China has announced a list of long-awaited banking reforms, while admitting that bad loans are getting in the way of modernization.
The head of China's Banking Regulatory Commission on Monday said reforms will include a plan to slash billions of dollars in bad debts from the books of China's banks, although he offered no details on how this will be done.
Chinese officials say more than one-fifth of all loans held by China's four major commercial banks are non-performing, which means they probably will not be paid back.
Analysts say the bad loans are a burden for China as it tries to meet its WTO obligations. One of those obligations is to allow foreign banks, which often have stronger balance sheets, access to the Chinese market.
Economics Professor Kui Li at the City University of Hong Kong said there is a five-year grace period before foreign banks can fully enter the market. "This grace period suggests that China has to hasten its banking reform, making it more competitive, so it can compete with foreign banks," he said.
Among other changes, the reforms announced in Beijing Monday will allow foreign banks to do business in Chinese currency in four cities: Chengdu, Chongqing, Fuzhou and Jinan.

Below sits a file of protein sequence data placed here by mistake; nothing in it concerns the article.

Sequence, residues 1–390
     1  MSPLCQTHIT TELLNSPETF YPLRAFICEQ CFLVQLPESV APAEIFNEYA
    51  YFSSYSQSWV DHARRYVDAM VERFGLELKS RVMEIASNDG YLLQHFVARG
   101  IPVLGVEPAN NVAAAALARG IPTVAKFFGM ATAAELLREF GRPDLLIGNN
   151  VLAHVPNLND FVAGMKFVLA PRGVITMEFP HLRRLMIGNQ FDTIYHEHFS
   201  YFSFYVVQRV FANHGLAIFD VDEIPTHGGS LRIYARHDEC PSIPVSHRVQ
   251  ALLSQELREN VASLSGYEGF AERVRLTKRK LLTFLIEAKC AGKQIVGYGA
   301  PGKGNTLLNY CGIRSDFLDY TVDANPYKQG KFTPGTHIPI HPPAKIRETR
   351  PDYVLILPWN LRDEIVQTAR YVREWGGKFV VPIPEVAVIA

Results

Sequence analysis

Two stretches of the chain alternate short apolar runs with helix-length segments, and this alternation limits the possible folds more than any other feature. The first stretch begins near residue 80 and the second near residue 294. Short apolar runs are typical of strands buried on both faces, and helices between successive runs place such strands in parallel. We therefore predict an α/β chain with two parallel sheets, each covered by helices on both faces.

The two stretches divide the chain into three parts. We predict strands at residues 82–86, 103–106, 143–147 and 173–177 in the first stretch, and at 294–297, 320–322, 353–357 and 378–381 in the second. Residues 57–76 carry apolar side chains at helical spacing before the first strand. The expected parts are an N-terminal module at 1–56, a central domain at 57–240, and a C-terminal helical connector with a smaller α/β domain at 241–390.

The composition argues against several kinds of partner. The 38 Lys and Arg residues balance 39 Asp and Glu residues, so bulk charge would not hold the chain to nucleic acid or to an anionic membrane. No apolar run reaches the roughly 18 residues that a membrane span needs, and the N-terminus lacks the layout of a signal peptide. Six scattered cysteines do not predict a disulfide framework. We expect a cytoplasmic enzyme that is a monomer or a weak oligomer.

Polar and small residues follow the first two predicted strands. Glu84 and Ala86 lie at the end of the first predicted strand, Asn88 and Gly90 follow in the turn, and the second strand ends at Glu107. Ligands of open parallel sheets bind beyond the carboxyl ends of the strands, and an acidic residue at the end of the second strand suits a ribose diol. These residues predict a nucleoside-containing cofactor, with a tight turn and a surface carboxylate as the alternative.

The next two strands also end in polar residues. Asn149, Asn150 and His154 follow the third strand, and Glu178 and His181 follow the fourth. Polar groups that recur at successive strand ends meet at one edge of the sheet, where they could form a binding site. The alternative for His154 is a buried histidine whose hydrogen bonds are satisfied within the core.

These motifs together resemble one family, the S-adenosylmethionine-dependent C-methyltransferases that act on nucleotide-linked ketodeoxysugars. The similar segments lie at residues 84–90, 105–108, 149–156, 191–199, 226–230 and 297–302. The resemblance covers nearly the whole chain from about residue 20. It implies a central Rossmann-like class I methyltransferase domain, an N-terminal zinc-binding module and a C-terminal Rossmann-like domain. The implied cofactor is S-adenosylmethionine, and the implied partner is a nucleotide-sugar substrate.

In his remarks Monday, banking commission chief Liu Mingkang said China's big government-owned banks also need internal reforms, such as management shake-ups, before they can compete with foreign banks.
Many of the bad loans were made when banks allowed themselves to be pressured by government officials to lend money to unprofitable state-owned enterprises.
Some economists say that, while government reforms might help stop future bad debts from piling up, the reforms do little to fix the damage that has already been done. They say the government may still need a full-scale bailout of the country's banks.